The history of misappropriation of Native American culture dates back to Colonial days. Whether for reasons of romanticism or mischief, European Americans have from the earliest days chosen to “dress up and play Indian” either metaphorically or literally. The impact of these choices on Native American people have ranged from annoying to down right deadly and all points in between.
Sports, both intercollegiate and professional, is a primary arena for this sort of racist speech. I encourage anyone who is interested in learning more about this issue to avail themselves of any of the following:
In Whose Honor (documentary by Jay Rosenstein)
Racist Stereotypes and Cultural Appropriation in Sports (pt 1) (seminar organized by the National Museum of the American Indian)
Racist Stereotypes and Cultural Appropriation in Sports (pt 2)
The Native American Mascot Controversy: A Handbook (book edited by C. Richard King)
Over the years many voices, both Native and non-Native have been raised in an effort to address this problem. Groups as disparate as the Central Conference of American Rabbis, National Congress of American Indians, National College Athletic Association, National Association for the Advancement of Colored People, Office of Civil Rights, the United Church of Christ, and many others have called for an end to the use of Native American nicknames or logos for athletic teams. Some of these statements have noted exceptions where specific tribes, acting on their sovereign status, approve of the use of their names and for teams which are located at tribally-controlled colleges.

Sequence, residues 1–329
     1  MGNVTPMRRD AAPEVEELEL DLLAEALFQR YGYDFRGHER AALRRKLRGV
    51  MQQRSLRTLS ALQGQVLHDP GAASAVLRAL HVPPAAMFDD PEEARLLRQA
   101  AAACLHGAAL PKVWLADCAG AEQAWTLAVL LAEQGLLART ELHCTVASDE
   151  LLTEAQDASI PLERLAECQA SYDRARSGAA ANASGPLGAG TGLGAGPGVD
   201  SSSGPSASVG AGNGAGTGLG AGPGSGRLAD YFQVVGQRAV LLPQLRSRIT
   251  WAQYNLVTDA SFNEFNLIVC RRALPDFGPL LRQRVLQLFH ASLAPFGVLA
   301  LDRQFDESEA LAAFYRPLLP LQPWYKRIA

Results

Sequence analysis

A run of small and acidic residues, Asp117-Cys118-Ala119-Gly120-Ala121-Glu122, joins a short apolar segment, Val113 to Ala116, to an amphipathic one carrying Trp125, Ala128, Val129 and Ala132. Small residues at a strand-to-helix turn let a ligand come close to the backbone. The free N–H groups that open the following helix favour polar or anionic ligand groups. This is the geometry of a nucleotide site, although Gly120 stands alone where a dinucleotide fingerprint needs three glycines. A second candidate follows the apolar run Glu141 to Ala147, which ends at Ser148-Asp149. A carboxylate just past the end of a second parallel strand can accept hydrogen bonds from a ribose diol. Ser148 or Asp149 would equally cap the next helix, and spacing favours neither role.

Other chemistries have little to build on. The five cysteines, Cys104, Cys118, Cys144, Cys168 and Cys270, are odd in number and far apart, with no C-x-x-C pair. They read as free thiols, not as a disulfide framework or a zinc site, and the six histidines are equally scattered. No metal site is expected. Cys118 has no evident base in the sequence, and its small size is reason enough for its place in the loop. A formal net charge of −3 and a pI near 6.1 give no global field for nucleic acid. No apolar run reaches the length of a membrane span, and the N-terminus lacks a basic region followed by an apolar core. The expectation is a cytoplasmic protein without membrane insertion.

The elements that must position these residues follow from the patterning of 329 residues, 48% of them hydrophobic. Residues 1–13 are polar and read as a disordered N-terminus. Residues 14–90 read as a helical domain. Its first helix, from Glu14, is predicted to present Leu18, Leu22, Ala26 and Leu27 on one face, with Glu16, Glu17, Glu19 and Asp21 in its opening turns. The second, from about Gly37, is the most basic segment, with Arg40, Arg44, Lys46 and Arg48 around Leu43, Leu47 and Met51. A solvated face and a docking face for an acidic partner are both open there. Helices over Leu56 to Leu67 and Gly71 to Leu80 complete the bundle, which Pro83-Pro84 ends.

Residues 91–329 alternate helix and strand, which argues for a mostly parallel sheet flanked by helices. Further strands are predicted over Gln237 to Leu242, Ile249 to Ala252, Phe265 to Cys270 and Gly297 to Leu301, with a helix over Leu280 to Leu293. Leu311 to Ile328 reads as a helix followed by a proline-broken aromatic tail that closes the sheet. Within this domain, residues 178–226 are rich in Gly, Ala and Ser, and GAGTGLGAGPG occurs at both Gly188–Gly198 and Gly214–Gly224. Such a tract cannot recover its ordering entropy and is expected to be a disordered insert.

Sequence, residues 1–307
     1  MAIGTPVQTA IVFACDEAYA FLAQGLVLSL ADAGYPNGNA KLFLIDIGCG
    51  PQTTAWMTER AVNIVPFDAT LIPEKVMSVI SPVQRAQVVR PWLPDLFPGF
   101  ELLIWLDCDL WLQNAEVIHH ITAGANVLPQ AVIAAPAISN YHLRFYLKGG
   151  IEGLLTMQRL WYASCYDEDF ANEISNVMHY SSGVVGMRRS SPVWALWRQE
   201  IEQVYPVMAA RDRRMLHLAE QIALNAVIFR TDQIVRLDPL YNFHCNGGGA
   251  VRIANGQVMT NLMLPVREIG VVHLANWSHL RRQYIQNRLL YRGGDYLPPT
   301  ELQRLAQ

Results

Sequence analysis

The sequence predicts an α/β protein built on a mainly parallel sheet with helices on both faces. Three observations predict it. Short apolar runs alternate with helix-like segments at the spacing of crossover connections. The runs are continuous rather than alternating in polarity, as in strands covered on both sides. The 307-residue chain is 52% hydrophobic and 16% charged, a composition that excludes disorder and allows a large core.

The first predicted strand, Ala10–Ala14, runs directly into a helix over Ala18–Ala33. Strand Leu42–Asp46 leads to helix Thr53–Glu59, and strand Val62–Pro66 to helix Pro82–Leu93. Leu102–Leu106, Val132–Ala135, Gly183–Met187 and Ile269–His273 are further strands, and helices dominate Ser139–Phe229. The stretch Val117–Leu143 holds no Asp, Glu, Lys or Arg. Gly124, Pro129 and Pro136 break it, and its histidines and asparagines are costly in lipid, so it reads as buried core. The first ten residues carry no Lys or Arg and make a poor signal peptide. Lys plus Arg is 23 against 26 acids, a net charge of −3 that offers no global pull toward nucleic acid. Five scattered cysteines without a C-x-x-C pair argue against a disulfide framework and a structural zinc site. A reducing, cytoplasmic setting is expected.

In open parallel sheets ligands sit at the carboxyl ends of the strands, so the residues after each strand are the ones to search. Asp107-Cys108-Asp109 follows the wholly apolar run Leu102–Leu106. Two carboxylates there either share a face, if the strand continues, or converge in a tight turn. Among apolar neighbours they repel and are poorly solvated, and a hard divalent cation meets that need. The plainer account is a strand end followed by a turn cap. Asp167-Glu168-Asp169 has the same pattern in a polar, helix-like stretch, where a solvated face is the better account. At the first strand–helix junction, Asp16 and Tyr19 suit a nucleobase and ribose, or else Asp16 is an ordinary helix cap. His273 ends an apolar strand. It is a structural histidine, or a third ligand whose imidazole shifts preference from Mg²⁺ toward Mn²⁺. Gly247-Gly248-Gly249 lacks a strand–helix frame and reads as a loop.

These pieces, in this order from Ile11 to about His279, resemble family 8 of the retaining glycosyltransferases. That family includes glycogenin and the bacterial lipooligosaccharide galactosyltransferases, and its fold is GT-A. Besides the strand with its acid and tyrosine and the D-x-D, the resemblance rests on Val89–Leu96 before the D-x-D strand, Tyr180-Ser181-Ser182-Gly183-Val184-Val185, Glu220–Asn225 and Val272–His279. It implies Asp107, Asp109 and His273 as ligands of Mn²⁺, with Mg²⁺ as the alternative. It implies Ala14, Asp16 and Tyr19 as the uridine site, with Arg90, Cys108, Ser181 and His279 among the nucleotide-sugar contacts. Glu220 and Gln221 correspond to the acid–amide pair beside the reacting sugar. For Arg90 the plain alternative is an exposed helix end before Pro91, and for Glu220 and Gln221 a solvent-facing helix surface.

In recent years there has been some progress of note, all in the realm of intercollegiate athletics. There has also been progress in that Native American people have taken to social media and broad media to bring authentic and powerful voices to the forefront for all to hear. Two excellent examples are the #NotYourMascot discussion on Twiter and the recent decision by the Yocha Dehe Wintun Nation to purchase time during the airing of the NBA finals to air their Proud to Be commerical.
Sometimes some things can be so obvious that it is difficult to imagine how they cannot be seen for what they are. And yet there are inevitably some people who can not or will not have clarity of vision. Such is the case for the use of words and images in sports (both intercollegiate and professional) which are disrespectful, hurtful, and harmful to Native American people. The time has long come and gone for us to continue to permit these behaviors.
While not the first to the conversation and not the most important voice, I believe it is my responsibility and the responsibility of every person who values human dignity to stand up and say this must come to and end. Count me among those who believe Redskin=Racism and Native Americans are Not Your Mascot.